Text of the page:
My first great adventure (after those strange migrations which some may look upon as myths) was the coming of Dobbin.
Dobbin was of wood, but apart from that disadvantage he was as gallant a steed as ever knight-errant rode. My father had fashioned him, toiling at him for many nights in his workshop after his apprentices had gone home; building him five hands high; giving him mighty limbs and a proud head and a fiery eye; a broad back and round shapely haunches. He was grey, as all famous steeds have been; and he towered grandly the evening my father set him up on a table for us to see.
‘Dobbin is his name,’ my father said solemnly, not as if he were making a suggestion, but as if he were announcing some fact as old as the Creation.
That night, my mother, who had been ill for a few days, stole down from her room to see Dobbin; and the next morning a little brother came to us mysteriously—a more momentous coming even than that of Dobbin.
And my mother was very ill, and the little brother had to be sent away to Uncle Christy’s, where he was fed on the milk of one cow. My mother nearly died; and during all that time Dobbin remained quietly stalled behind the door. Sometimes I climbed up upon him and bestrode him; but oftener I sat with my sister near the fire, and watched the fire-fairy, and studied the ways of Minnie and Gyp.
It was a long time before my mother came down to us again. When she did come, looking very pale, one of the first things she did (after pressing my sister and myself to her heart) was to go over and kiss Dobbin; and in gratitude for that gracious kiss I told her that I would consider the little brother (who returned to us the same day) entitled equally with me to bestride that noble steed, as soon as his little legs should have the necessary length and strength to grip on. For the present they were obviously too fat for any such equestrian exercise. So I alone rode Dobbin, and galloped him to many a battle. Sometimes I harnessed him to a state-coach, and he drew my sister on triumphant entries into cities; often I yoked him to a carrier’s cart, and he rattled along country roads at night; there were times when he toiled under loads of hay; I have even known him, suitably draped in black, to pace mournfully with hearse and coffin behind him to Glasnevin. But oftenest I rode him in quest of some Holy Grail, to the relief of some beleaguered Ascalon or Trebizond, or over the slaughtered hearts of some Roncesvalles or Magh Mhuirthemhne.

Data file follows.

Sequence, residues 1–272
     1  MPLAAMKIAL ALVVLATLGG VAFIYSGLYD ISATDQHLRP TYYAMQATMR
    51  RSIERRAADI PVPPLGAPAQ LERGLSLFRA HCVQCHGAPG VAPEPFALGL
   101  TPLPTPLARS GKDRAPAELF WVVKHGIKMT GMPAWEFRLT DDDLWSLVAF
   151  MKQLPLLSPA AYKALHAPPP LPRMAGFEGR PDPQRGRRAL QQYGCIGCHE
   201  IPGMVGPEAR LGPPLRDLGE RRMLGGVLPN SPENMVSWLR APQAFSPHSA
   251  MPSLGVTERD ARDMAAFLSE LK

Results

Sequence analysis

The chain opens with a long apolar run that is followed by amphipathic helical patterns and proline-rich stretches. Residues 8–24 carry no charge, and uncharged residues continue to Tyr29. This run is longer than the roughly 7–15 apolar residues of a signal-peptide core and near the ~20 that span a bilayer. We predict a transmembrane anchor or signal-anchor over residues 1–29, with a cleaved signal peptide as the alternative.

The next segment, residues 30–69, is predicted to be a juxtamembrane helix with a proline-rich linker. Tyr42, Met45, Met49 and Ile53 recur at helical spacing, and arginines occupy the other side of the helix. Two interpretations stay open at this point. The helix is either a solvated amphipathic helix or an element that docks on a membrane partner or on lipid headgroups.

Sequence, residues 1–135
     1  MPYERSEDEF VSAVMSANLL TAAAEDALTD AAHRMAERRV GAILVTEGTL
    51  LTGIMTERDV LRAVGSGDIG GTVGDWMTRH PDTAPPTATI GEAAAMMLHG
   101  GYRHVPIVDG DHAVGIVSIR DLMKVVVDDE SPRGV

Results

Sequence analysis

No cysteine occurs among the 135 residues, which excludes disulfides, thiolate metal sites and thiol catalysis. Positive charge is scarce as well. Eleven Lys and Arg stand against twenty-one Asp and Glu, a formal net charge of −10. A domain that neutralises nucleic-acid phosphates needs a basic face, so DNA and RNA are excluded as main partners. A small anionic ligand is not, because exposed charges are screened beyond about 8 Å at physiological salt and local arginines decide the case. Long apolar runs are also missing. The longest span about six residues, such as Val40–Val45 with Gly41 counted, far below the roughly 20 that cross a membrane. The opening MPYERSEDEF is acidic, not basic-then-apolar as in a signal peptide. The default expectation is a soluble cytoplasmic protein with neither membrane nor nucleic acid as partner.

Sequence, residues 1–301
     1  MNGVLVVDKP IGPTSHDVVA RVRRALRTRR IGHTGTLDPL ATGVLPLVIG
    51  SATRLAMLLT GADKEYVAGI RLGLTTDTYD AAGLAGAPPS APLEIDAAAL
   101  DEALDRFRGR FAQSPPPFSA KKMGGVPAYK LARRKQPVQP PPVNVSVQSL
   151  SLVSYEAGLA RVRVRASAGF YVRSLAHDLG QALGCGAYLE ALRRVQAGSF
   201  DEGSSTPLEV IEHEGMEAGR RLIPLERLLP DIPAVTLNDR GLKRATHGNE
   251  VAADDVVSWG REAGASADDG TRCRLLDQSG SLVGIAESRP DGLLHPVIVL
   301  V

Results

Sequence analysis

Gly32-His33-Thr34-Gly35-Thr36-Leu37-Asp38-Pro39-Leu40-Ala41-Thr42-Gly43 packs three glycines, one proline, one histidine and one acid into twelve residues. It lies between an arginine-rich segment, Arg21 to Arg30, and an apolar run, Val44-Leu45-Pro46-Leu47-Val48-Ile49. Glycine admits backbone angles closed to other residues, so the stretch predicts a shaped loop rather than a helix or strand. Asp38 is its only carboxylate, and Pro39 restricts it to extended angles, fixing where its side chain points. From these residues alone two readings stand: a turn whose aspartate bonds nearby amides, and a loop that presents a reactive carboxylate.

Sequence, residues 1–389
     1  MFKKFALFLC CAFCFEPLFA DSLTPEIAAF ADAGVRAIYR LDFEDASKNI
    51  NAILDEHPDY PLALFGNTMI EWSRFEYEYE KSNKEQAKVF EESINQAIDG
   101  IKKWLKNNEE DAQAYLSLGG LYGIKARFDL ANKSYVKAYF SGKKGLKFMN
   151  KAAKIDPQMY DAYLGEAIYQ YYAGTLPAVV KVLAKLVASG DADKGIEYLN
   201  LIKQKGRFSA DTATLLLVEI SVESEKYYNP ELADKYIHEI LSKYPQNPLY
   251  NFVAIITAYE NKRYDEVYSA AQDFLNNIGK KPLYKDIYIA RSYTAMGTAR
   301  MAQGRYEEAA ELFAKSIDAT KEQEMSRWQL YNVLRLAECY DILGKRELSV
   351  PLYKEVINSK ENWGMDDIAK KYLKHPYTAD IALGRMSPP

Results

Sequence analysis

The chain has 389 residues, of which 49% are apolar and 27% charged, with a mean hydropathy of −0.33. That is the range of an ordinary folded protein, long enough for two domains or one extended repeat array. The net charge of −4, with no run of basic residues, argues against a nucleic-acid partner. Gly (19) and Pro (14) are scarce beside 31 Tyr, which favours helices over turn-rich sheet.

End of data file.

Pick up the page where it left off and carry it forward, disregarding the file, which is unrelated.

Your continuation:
I have been told it is a marvellous thing that I remember so clearly the days before and after the birth of my brother; for I was only two years and five days old when he was born. It would seem marvellous to me if I did not remember that time and all its little incidents. What greater thing has ever happened to me than the coming of that good comrade? Willie and I have been true brothers—companions! As a boy he was my only playmate; as a man he has been my only intimate friend. We have done and suffered much together, and we have shared together a few deep joys.